The Pleasure Of Being: Washing, Feeding, Holding

The Pleasure Of Being: Washing, Feeding, Holding
The Point Hotel (Venue 109)
4 stars ****

AT THE TOP of this review, you’ll see a four-star rating: it reflects the poise and elegant design of the event I attended, and the conceptual boldness involved in planning and executing it. In truth, though, Adrian Howells’s second artwork of the festival – companion piece to his wedding show May I Have The Pleasure? – marks the point where one-on-one theatre merges into pure personal encounter, and into completely new territory. There’s no artifice here, no narrative unless you – the solo audience – want to supply one, no script, no invention of character. There’s just a hotel room, a bath filled with warm bubbly water and rose petals, and a 30 minute chance, under Adrian’s famously gentle touch, to relive the experience of being washed, wrapped in a fluffy towel, patted dry, and then lovingly cradled, and fed a few pieces of delicious fruit and chocolate.

For some, this experience seems to unleash oceans of pain, a suppressed longing for lost or broken family relationships that a lifetime of busy living has failed to heal; for me, it was more like pure pleasure and relaxation in the middle of a hectic day, a happy reminder of parents who loved me, and a family that worked. It does, though, provoke the deepest thought about the many different ways in which we buy intimacy, in a world where we are often too busy to get our personal relationships right; the soothing chat of hairdressers and barbers, manicurists, massage experts, physios, and all the other professionals – not excluding those involved in the oldest professional of all – whom people pay to give them the solace of what at least seems like a caring human touch. Now, it seems we can have that brief experience of intimacy for the price of a Fringe theatre ticket; and Adrian Howells is certainly a practitioner to be trusted with the raw material of anyone’s life. Yet the doubt remains: the questions about why we need this, why life itself now so often fails to offer us these basic pleasures of being, and how we can get ourselves back to a place where we have this kind of time, both for others, and for ourselves.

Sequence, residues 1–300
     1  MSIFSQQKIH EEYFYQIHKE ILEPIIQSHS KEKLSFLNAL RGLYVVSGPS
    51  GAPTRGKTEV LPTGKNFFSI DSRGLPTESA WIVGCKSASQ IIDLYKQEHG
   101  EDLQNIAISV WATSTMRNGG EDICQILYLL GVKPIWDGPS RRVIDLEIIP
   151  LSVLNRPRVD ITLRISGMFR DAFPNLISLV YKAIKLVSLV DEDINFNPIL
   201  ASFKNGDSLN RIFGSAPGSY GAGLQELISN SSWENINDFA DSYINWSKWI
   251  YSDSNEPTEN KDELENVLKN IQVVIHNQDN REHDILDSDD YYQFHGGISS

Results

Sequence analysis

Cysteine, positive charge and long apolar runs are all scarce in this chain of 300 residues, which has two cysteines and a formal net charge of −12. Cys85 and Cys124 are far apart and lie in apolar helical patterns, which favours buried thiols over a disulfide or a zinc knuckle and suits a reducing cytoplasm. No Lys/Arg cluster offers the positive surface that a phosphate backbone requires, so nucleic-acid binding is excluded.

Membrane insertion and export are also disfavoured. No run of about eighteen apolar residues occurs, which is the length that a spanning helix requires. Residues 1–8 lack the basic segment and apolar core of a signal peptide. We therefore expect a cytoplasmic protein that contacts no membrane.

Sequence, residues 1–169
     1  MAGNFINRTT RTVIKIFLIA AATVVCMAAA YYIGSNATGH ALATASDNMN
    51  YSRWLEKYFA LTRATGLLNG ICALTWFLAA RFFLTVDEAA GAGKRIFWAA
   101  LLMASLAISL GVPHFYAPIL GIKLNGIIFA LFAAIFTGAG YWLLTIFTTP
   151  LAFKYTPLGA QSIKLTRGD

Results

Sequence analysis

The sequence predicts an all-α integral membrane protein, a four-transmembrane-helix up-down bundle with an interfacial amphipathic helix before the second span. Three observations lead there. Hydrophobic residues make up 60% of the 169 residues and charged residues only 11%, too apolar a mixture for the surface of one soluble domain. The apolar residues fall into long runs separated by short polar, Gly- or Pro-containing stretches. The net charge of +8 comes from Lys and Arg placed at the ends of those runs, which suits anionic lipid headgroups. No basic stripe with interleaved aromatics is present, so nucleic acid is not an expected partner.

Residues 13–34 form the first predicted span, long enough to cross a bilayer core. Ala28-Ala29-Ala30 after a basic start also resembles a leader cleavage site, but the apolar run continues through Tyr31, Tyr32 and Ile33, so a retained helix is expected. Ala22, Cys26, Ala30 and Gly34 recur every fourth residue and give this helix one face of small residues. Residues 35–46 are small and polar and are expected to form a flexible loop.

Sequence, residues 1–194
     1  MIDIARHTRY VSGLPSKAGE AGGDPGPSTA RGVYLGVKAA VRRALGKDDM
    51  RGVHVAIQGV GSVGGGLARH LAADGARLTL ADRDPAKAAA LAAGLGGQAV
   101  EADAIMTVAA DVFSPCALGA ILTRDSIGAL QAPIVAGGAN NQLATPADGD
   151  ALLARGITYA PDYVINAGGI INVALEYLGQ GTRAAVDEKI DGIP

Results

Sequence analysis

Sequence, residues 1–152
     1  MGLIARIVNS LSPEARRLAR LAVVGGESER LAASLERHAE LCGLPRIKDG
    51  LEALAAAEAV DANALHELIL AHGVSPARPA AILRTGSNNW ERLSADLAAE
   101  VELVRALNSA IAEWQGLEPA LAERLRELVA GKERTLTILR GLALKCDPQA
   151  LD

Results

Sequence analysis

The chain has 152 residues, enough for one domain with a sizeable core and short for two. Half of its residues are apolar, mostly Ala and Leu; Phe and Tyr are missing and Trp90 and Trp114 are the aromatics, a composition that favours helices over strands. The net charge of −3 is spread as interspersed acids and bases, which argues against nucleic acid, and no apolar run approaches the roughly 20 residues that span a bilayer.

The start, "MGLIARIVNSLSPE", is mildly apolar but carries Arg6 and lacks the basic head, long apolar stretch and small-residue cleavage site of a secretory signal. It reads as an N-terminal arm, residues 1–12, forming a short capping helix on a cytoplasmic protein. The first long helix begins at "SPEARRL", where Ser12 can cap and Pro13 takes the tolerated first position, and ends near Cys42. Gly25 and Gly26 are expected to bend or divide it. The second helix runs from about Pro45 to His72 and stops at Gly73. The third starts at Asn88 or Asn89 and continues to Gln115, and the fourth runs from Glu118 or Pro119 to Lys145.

Joyce McMillan
Untl 28 August
p. ? Can’t find in fringe programme.


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